Afghanistan Weekly Reader: $11 Billion for State Department War Operations in 2012

Secretary of Defense Panetta’s trip to Kabul yesterday made it clear that, while the NATO combat mission in Afghanistan is winding down, the war is far from over. Yesterday also marked the deadliest day this year for Afghan civilians, with a suicide attack in Kandahar City and a NATO airstrike in rural Logar Province causing at least 24 civilian deaths. Meanwhile, the number of U.S. fatalities in Afghanistan has reached 2,000. And despite the continuing violence, the U.S. war spending shows no sign of slowing down.

From ASG
Congress Silent on Ending the Afghanistan War

Afghanistan Study Group by Mary Kaszynski

Unlike their constituents, who have spoken so strongly in favor of ending the war, many elected officials are silent.

No. 2 U.S. Commander In Afghanistan Would Like 68,000 Troops Into Next Year

NPR by Tom Bowman

The number of U.S. troops in Afghanistan will drop by 23,000 by September. At that point, 68,000 U.S. troops will be serving in the country, fighting the Taliban and training Afghan soldiers and police. Any further reductions are now at the center of a debate. It’s all a game of numbers.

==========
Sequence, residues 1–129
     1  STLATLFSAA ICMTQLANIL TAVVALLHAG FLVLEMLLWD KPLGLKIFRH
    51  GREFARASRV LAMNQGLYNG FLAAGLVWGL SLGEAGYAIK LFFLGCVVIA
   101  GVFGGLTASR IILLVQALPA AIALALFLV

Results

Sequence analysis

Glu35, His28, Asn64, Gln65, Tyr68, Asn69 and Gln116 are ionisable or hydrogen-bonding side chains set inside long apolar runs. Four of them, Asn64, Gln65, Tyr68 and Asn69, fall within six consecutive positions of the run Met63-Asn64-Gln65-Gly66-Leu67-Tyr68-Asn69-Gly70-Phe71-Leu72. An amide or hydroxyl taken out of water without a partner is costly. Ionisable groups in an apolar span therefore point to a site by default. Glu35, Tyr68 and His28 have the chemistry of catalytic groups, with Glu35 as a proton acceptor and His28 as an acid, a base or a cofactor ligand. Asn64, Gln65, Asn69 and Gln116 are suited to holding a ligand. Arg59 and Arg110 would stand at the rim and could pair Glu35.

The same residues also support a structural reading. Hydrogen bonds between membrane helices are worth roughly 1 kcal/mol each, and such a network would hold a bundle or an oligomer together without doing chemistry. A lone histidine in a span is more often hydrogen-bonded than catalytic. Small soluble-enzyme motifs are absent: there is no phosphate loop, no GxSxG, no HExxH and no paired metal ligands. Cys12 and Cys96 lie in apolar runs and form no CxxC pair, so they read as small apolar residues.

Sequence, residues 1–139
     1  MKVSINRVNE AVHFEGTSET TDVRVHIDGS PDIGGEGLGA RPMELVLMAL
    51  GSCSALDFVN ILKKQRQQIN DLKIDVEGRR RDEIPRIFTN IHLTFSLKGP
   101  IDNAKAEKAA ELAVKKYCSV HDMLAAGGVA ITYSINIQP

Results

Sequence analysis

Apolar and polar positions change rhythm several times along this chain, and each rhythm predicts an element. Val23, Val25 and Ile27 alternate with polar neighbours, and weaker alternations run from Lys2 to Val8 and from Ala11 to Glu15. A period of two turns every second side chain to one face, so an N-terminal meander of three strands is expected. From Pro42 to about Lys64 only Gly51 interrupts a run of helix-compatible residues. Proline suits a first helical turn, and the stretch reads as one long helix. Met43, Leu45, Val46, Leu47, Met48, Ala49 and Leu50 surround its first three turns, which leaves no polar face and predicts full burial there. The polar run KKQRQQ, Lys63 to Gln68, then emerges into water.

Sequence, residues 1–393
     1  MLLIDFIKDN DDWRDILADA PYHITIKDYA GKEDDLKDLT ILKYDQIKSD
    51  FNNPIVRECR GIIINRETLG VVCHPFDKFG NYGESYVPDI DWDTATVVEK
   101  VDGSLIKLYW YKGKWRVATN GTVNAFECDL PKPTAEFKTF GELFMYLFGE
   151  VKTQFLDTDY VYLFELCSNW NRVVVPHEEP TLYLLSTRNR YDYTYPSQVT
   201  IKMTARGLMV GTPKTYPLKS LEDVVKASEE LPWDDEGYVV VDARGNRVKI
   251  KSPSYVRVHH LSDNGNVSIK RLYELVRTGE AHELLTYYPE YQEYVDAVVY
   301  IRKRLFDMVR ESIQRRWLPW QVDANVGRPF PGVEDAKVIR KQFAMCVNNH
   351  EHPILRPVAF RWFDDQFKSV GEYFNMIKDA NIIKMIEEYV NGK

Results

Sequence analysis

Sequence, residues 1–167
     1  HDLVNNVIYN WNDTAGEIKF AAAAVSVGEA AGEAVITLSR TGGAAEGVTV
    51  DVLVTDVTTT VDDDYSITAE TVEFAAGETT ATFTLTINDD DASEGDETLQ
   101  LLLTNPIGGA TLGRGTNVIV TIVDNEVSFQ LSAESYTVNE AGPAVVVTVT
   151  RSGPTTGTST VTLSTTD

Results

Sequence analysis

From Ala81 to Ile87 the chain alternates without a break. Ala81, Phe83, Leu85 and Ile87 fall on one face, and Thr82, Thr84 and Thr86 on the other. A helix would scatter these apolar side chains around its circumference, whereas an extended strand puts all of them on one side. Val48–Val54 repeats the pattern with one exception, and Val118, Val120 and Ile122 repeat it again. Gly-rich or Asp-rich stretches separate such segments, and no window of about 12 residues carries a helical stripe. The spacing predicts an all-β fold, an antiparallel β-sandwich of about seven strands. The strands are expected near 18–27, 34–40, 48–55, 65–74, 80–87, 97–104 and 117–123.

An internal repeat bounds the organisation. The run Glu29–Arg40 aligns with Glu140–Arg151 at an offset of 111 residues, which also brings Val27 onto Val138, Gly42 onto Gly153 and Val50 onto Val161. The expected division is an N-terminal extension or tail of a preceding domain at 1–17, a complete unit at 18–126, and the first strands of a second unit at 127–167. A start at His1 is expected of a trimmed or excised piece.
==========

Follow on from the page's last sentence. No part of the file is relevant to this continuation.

U.S. and NATO secure exit route from Afghanistan

CNN by Mike Mount

U.S. and NATO equipment will have a guaranteed route out of Afghanistan after an agreement with Central Asian countries allowing the alliance to completely cut out the shorter Pakistani access routes NATO has used for years.

U.S. Cozies Up to Pakistan’s Archrival for Afghan War
Wired by Spencer Ackerman

In a move that could rankle Pakistan, the U.S. military is encouraging Islamabad’s arch-rival, India, to deepen its involvement in the Afghanistan war.

And now, only one senior al Qaeda leader left
CNN by Peter Bergen

Few Americans harbor irrational fears about being killed by a lightning bolt. Abu Yahya al-Libi’s death on Monday should remind them that fear of al Qaeda in its present state is even more irrational.

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